Neglected or inadequately treated acute or chronic otitis media may progress to acute coalescent mastoiditis or chronic bacterial otomastoiditis. Typically, acute otomastoiditis manifests with otalgia, mastoid tenderness, and purulent drainage from the middle ear. Uncommonly, mastoiditis may result from obstruction of the aditus ad antrum; the tympanic membrane and middle ear appear normal in this situation. In acute mastoiditis, the ear canal typically is edematous and tender, resembling external otitis with retroauricular extension. In addition to external canal edema, patients with acute mastoiditis may have auricle protrusion, mastoid tenderness, and swelling, and possibly systemic symptoms of fever. Additional symptoms may be present if there are aural or intracranial complications of the acute or chronic infection. Aural complications include subperiosteal abscess, petrositis, facial paralysis, and labyrinthitis. Intracranial complications include extradural abscess; thrombosis or thrombophlebitis of the sigmoid sinus, transverse sinus, or sagittal sinus; subdural abscess; brain abscess; meningitis; and otitic hydrocephalus. A high index of suspicion and a thorough neurologic examination are required to detect possible aural and intracranial complications of a mastoid infection.
Acquired cholesteatoma is a common cause of painless, recurrent purulent otorrhea in adults and children. The otorrhea may be scant or profuse depending on the extent of the disease, and whether the keratin debris is infected. There is usually an associated long-standing hearing loss. Vestibular symptoms are typically not present, unless there is extensive bone destruction by the cholesteatoma. Erosion of the lateral semicircular canal with formation of a labyrinthine fistula may occur, and the patient may note dysequilibrium that is either spontaneous or induced by loud sounds (Tullio’s phenomenon) or positive pressure applied to the external ear canal. Diagnosis of cholesteatoma as the source of otorrhea is evident after meticulous cleaning of the ear canal and examination with binocular microscopy. Typically, a retraction pocket is seen in the posterosuperior quadrant of the tympanic membrane or in the pars flaccida region. The otorrhea and keratin debris emanating from the abnormal retraction are indicative of the acquired cholesteatoma.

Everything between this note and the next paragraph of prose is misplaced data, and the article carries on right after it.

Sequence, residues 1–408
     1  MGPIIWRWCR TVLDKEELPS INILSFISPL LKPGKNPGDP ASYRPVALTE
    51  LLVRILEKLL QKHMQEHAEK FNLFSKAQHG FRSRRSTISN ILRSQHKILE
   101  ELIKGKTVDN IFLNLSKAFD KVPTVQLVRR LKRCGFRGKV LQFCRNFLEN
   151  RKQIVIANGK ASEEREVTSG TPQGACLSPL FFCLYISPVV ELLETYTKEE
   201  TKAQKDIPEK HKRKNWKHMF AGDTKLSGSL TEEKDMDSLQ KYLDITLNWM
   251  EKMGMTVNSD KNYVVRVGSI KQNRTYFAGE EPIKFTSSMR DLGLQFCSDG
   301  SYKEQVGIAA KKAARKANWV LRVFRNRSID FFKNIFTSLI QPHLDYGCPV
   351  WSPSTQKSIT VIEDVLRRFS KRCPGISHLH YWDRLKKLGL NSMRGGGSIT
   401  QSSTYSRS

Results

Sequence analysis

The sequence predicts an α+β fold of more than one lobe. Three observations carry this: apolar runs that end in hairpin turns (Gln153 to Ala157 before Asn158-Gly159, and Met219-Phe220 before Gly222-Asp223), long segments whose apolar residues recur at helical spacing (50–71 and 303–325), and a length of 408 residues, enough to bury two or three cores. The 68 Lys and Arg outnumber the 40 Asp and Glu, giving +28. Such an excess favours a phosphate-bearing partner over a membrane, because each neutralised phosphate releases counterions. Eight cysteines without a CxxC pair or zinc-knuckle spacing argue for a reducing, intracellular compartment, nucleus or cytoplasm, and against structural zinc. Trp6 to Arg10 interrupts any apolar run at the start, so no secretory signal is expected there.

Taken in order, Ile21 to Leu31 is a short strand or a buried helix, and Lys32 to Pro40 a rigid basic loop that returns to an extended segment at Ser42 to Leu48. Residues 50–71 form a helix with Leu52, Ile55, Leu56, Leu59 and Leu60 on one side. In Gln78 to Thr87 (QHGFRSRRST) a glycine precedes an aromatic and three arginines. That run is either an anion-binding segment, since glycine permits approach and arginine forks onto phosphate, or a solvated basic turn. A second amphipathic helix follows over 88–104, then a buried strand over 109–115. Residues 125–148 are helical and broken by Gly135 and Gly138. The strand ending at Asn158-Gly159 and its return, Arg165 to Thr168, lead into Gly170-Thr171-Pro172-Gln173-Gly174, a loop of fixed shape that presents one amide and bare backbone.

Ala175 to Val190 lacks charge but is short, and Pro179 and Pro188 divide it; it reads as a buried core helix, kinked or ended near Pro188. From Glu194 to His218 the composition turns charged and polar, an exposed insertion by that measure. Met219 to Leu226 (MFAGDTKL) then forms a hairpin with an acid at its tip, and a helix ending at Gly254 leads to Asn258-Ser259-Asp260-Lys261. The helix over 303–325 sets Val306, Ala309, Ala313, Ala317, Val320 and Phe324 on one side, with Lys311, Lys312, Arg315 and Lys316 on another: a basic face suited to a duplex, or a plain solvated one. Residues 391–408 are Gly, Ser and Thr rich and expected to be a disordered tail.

Granular myringitis is an uncommon, idiopathic, inflammatory process involving the tympanic membrane. Granulation tissue and mucosalized epithelium extend over patchy areas of the tympanic membrane. In extensive cases, the entire tympanic membrane is thickened, and the granulation tissue exudes a thin transudate that may become secondarily infected.7
Granulomatous diseases of the temporal bone are uncommon. Presenting symptoms can mimic acute or chronic mastoiditis. Children with histiocytosis of the temporal bone can present with symptoms of painful purulent or bloody otorrhea. The three forms of histiocytosis (eosinophilic granuloma, Letterer-Siwe disease, and Hand-Schüller-Christian disease) all may involve the temporal bone.8 In addition to complaints of localized ear pain, there is evidence of suppurative drainage from the middle ear and mastoid, granulation tissue within the external auditory canal, local swelling of the postauricular or preauricular region, and bone destruction on radiographic imaging. Auditory and vestibular deficits, facial palsy, and lower cranial nerve deficits also may be present.9
Wegener’s granulomatosis is a granulomatous disorder consisting of inflammatory vasculitis of the upper and lower respiratory tracts and kidney. Almost one fourth of patients have otologic disease at some point during their illness. Otologic involvement may manifest as a serous otitis media or a suppurative otitis media with either thickening or perforation of the tympanic membrane. Granulation tissue may be present within the middle ear and mastoid, causing a painless chronic otorrhea that is associated with conductive, sensorineural, or mixed hearing loss.10 A high index of suspicion and confirmation with an elevated cytoplasmic antineutrophil cytoplasmic autoantibody titer facilitate the diagnosis.